A four-lens system and the Canon 100mm f/2.8L IS macro


in Geek stuff, Photography

My approach to photography is basically to stick with the amount of gear I can keep in a single Domke F-2 bag. That means: one dSLR body, two flashes, a small softbox and 18% grey card, radio triggers, lens hoods, four lenses, lens cleaning supplies, lens caps, a tripod plate, and a few other related bits and bobs.

Four lenses is what you can manage in that bag, provided you don’t have too much other gear. They can’t be excessively fat lenses like the Canon 50mm f/1.2 or the 70-200mm f/2.8. If you make one of them the Canon 50mm f/1.8, you have a bit more space for things like radio triggers.

After the 50 1.8, my next two lenses are the Canon 24-70mm f/2.8 and the Canon 70-200mm f/4 IS. Between those two, you can do almost anything. The 50mm is a useful additional lens for low light and other special situations.

I was torn on which lens to get as a fourth. I have found the 50 1.2 useful in the past, but it is fat, heavy, very expensive, and not all that much more useful than the enormously cheaper, smaller, and lighter f/1.8 version (though the 1.2 is an L-lens with low chromatic aberration).

In the end, as a final piece of photographic investment before returning to penniless studenthood, I bought the Canon 100mm f/2.8L IS lens. It’s thin and fits nicely in the F2 along with the other three (the 24-70 being the fat lens of the bunch.) I can’t fit all the lenses and hoods in the bag at the same time as the SLR body anymore, so perhaps I am cheating, but it does make a useful kit.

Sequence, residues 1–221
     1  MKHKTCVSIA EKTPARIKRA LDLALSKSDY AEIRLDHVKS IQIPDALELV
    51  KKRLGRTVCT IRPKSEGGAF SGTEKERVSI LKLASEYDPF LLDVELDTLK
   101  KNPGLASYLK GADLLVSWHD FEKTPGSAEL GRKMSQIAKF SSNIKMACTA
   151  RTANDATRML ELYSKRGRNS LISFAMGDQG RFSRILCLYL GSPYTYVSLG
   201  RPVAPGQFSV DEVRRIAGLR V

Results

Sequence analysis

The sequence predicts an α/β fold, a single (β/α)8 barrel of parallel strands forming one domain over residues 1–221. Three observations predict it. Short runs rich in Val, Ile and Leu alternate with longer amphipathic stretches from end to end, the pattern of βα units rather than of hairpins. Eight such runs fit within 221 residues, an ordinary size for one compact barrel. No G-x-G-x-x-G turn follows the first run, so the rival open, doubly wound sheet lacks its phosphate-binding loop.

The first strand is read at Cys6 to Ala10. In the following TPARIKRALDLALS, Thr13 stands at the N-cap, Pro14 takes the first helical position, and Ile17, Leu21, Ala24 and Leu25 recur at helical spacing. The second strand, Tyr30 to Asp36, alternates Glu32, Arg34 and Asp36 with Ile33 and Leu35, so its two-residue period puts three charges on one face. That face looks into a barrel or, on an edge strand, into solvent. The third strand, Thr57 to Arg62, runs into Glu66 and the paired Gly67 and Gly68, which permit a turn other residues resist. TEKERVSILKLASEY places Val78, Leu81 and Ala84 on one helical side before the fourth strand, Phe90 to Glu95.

The output from the lens is exceptional, and it definitely widens the range of what can be photographed in an interesting way. Suddenly, very small details can become compelling subjects for photos.

To some people, another fast prime (like a 35mm) or a very long telephoto zoom (like the 100-400mm) would have more value as part of a photographic toolkit. While I may rent such lenses from time to time – and will probably buy the Canon 50mm f/1.4 at some point – I think the 100mm macro will be a useful thing to have along when shooting a wide variety of subjects.

{ 2 comments… read them below or add one }

Milan February 20, 2013 at 4:51 pm

These show off the kind of output you can get with the 100mm f/2.8L macro: Botanical gardens – Washington D.C.

Milan February 17, 2015 at 3:22 am

Compared with Canon’s 50mm f/1.8, the tougher f/1.4 version is well worth buying and carrying around. It is definitely tougher physically, the extra third of a stop is useful, and it still has an impressively small size compared with big zooms like the 24-70 f/2.8L and 70-200 f/4L.

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